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Capital gains tax (CGT) is commonly misunderstood amongst taxpayers. Yet it’s important to spend a few minutes grasping the essentials, as it could not only open up new streams of income for your family but also help you save on your wider tax bill. Here at Cedar House, our financial advisers offer this short guide on CGT for 2020, which we hope you find helpful. If you have any questions then please do get in touch. If you’d like to discuss your own financial plan with a financial planner here at Cedar House, then please arrange a free consultation via:
020 8366 4400 or email@example.com
Capital Gains Tax (CGT): A Brief Overview
A capital gain refers to any increase in value on an asset you hold. For many people, this can happen to their house as it goes up in price over the years. When you eventually look to sell your property, therefore, most people hope to make a profit; possibly using the proceeds to buy a better property elsewhere, or perhaps to help fund their future retirement.
In 2019-20, the good news is that you do not need to pay any tax (i.e. capital gains tax) on any profit you make when selling your family home. Other assets, however, will often be subject to CGT when you sell them. Company shares, for instance, typically face CGT if you sell them after these have appreciated in value.
Why Consider Leveraging Capital Gains?
Some people at this stage might ask what the point of capital gains are. After all, the profits are likely to be taxed, and it brings another layer to your wealth and finances to think about. Yet it can be incredibly worthwhile, particularly for higher earners looking to lower their tax bill.
Consider the CGT bands in 2019-20. If you’re a higher or additional rate taxpayer, then you are likely to pay 20% on any gains from assets which are not deemed to be residential property. Compared to other tax rates paid by higher earners this CGT rate is quite attractive (think of the 45% income tax on those paying the additional rate!). When it comes to capital gains on any property you sell (which is not your home), higher earners will likely pay 28% CGT.
The other important aspect of CGT in 2019-20 is your capital gain allowance, which allows you to earn up to £12,000 per tax year through capital gains without facing tax. There is also a £6,000 annual allowance for trusts, which can be a very helpful tax-mitigation tool when it comes to planning your estate for inheritance tax purposes.
Another great tool to consider leveraging for CGT is your individual savings accounts (ISAs). In 2019-20, you are allowed to contribute up to £20,000 per tax year to your ISAs, and any capital gains you make on these investments will be tax-free. There are also other, niche investment opportunities which many higher-earning investors might want to consider which offer generous CGT benefits. The Enterprise Investment Scheme (EIS), for instance, allows you to earn capital gains on your EIS shares, tax-free, provided you hold them for at least three years. Bear in mind, however, that schemes such as EIS are widely regarded as higher-risk investment opportunities, and you should consult a financial adviser before committing capital.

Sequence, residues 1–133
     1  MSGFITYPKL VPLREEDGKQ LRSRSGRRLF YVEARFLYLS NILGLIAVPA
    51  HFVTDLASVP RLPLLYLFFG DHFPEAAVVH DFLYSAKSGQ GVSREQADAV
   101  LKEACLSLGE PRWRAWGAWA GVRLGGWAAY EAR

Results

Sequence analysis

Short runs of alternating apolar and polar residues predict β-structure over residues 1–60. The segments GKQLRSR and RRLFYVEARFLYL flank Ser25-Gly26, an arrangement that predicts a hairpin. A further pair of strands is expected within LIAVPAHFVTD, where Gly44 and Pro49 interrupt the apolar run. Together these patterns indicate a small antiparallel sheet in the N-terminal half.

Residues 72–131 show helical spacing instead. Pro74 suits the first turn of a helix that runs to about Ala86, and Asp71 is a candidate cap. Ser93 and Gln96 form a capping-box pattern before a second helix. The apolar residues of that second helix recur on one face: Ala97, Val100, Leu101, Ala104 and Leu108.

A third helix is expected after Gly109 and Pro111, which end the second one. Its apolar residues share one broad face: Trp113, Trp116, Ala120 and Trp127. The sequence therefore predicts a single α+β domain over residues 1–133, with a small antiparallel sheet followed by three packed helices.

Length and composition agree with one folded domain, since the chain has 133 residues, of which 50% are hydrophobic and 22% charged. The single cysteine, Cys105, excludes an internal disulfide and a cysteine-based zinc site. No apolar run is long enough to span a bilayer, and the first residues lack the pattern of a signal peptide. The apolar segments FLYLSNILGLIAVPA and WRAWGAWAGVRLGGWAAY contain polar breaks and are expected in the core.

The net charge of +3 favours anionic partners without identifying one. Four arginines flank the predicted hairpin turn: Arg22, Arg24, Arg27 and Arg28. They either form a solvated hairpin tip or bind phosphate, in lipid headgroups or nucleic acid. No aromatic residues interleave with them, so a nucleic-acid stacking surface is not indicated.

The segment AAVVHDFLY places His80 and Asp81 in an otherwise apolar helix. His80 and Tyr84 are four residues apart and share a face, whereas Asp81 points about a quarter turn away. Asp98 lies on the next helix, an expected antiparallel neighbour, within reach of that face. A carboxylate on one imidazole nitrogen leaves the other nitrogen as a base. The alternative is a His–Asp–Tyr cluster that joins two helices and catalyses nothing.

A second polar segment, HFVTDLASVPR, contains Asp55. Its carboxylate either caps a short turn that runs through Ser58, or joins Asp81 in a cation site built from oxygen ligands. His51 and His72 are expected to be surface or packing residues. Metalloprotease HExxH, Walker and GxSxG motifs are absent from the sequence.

For many people, they are likely to think about CGT when it comes to selling property. As noted above, you do not pay CGT on the proceeds from selling your own home in 2019-20. However, if you have a property portfolio and wish to sell some of them, you will need to do some careful tax planning (ideally with the help of an experienced professional).
First of all, if you will need to pay CGT on your property then it’s important to be aware of when you will need to pay. Usually, you will need to report the sale via a Self-Assessment form as the next tax year approaches. For instance, if you sell a property in May 2020 then the transaction will have happened in the 2020-21 tax year. Therefore, you would have to declare your CGT liability and pay the bill by 31 January 2022.
Secondly, if you sell multiple assets in a given tax year then it’s important to bear in mind how the capital gains system works. For instance, if you sell a second home then you can mitigate your CGT by deducting legitimate costs involved during the transaction, such as legal fees. It’s also important to note that losses from the sale of certain assets can be offset against the gains made on other ones.
Imagine, for example, that you sell one property in your portfolio and it makes a £40,000 loss. You also sell another for a profit, then the loss on the first property can be used to increase your tax-free gain on the second. This can have important tax-planning implications, as it might influence which assets you choose to sell in a given tax year to mitigate your overall CGT. Again, here we recommend you seek professional financial advice to ensure you have all the information you need to make a decision you are happy with over the long run.
If you would like to discuss your financial plan with a member of our team, then get in touch today to arrange a free consultation: 020 8366 4400 or firstname.lastname@example.org.